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Comorbidity
Heart Diseases
Cohort Studies
Stroke
Confidence Intervals
Women's Health
Hypertension
Widowhood
Divorce
Health Promotion
Type 1 Diabetes Mellitus
Mental Disorders
Osteoporosis
Arthritis
Longitudinal Studies
Life Style
Asthma
Obesity
Smoking
Neoplasms

Cite this

@article{3a77a2f15aad44e4ac37d68bef949adf,
title = "Progression of diabetes, heart disease, and stroke multimorbidity in middle-aged women: A 20-year cohort study",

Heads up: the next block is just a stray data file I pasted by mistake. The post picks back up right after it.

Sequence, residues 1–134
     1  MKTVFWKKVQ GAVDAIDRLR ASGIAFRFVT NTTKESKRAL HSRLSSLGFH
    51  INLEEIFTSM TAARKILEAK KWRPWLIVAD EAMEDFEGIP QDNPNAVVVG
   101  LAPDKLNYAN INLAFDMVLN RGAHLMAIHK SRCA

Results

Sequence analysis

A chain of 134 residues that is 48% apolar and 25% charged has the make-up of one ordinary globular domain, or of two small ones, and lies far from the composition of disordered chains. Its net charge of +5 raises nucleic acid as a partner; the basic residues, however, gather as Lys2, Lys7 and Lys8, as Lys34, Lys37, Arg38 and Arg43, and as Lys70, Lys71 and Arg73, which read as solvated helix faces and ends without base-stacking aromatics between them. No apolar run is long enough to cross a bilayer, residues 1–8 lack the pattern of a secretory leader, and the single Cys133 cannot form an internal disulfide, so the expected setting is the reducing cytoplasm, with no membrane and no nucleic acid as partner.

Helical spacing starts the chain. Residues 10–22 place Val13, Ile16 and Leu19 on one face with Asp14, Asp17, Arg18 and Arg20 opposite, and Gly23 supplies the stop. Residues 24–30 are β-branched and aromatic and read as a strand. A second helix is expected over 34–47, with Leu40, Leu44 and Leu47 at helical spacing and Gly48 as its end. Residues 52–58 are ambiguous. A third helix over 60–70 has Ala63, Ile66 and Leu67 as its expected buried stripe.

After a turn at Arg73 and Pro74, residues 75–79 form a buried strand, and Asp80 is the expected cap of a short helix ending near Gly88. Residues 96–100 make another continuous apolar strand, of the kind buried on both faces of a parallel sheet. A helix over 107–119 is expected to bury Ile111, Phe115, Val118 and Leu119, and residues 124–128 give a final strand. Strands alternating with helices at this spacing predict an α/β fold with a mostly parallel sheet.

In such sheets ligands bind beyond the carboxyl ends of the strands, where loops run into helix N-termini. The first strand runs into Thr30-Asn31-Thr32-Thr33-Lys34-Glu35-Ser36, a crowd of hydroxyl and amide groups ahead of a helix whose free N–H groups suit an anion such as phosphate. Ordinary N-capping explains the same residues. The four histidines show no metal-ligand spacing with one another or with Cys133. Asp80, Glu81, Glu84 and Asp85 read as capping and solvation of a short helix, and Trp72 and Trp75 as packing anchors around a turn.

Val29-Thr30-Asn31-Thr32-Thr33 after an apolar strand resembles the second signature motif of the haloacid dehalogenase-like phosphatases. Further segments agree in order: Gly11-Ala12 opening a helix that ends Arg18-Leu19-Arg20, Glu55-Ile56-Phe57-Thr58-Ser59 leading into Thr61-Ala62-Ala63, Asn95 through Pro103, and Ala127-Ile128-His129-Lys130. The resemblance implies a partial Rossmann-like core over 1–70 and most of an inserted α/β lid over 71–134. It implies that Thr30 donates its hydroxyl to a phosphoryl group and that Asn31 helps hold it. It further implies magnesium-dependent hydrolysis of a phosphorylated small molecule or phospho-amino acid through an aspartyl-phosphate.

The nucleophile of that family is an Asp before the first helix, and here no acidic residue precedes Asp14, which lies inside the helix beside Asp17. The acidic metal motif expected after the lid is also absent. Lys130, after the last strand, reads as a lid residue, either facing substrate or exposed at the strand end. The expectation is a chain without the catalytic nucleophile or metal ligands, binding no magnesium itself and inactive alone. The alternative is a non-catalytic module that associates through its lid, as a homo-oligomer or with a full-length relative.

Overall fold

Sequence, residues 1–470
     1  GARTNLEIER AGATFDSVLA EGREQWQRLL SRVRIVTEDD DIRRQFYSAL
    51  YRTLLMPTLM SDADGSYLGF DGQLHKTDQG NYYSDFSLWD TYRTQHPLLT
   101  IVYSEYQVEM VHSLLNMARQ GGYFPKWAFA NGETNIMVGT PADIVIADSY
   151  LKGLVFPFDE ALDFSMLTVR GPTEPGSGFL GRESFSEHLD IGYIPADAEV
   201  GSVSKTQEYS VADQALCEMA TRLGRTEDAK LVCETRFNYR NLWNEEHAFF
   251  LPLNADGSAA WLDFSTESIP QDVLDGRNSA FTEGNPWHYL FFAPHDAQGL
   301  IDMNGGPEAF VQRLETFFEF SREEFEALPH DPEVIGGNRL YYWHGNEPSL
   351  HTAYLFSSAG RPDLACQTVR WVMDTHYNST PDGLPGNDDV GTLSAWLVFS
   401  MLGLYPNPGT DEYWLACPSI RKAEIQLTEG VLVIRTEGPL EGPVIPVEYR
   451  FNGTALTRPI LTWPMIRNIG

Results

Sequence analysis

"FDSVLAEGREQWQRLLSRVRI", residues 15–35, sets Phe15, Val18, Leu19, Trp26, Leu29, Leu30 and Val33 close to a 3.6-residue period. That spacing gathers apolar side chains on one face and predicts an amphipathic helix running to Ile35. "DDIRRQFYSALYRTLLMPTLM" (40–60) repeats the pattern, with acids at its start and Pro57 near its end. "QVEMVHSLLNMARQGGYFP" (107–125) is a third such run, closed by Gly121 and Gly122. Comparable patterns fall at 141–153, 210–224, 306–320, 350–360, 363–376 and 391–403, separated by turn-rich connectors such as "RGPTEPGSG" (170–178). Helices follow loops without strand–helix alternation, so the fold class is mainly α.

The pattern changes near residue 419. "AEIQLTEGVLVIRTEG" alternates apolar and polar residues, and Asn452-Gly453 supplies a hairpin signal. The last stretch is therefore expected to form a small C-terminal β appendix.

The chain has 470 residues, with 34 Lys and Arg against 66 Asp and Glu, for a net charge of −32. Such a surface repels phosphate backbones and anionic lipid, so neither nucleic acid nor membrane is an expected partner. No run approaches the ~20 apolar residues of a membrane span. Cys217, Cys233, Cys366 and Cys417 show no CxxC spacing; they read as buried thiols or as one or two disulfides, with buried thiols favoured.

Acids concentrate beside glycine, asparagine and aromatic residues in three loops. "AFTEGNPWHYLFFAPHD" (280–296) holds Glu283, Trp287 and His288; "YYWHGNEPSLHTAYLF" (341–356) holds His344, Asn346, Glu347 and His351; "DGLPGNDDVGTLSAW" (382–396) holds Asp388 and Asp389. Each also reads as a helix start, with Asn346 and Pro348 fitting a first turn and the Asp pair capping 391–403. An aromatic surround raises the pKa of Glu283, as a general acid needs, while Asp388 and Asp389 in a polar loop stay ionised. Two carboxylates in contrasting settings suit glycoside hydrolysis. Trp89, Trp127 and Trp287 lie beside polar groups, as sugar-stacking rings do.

abstract = "BACKGROUND: The prevalence of diabetes, heart disease, and stroke multimorbidity (co-occurrence of two or three of these conditions) has increased rapidly. Little is known about how the three conditions progress from one to another sequentially through the life course. We aimed to delineate this progression in middle-aged women and to determine the roles of common risk factors in the accumulation of diabetes, heart disease, and stroke multimorbidity.METHODS AND FINDINGS: We used data from 13,714 women aged 45-50 years without a history of any of the three conditions. They were participants in the Australian Longitudinal Study on Women's Health (ALSWH), enrolled in 1996, and surveyed approximately every 3 years to 2016. We characterized the longitudinal progression of the three conditions and multimorbidity. We estimated the accumulation of multimorbidity over 20 years of follow-up and investigated their association with both baseline and time-varying predictors (sociodemographic factors, lifestyle factors, and other chronic conditions). Over 20 years, 2,511 (18.3{\%}) of the women progressed to at least one condition, of whom 1,420 (56.6{\%}) had diabetes, 1,277 (50.9{\%}) had heart disease, and 308 (12.3{\%}) had stroke; 423 (16.8{\%}) had two or three of these conditions. Over a 3-year period, the age-adjusted odds of two or more conditions was approximately twice that of developing one new condition compared to women who did not develop any new conditions. For example, the odds for developing one new condition between Surveys 7 and 8 were 2.29 (95{\%} confidence interval [CI], 1.93-2.72), whereas the odds for developing two or more conditions was 6.51 (95{\%} CI, 3.95-10.75). The onset of stroke was more strongly associated with the progression to the other conditions (i.e., 23.4{\%} [95{\%} CI, 16.3{\%}-32.2{\%}] of women after first onset of stroke progressed to other conditions, whereas the percentages for diabetes and heart disease were 9.9{\%} [95{\%} CI, 7.9{\%}-12.4{\%}] and 11.4{\%} [95{\%} CI, 9.1{\%}-14.4{\%}], respectively). Being separated, divorced, or widowed; being born outside Australia; having difficulty managing on their available income; being overweight or obese; having hypertension; being physically inactive; being a current smoker; and having prior chronic conditions (i.e., mental disorders, asthma, cancer, osteoporosis, and arthritis) were significantly associated with increased odds of accumulation of diabetes, heart disease, and stroke multimorbidity. The main limitations of this study were the use of self-reported data and the low number of events.CONCLUSIONS: Stroke was associated with increased risk of progression to diabetes or heart disease. Social inequality, obesity, hypertension, physical inactivity, smoking, or having other chronic conditions were also significantly associated with increased odds of accumulating multimorbidity. Our findings highlight the importance of awareness of the role of diabetes, heart disease, and stroke multimorbidity among middle-aged women for clinicians and health-promotion agencies.",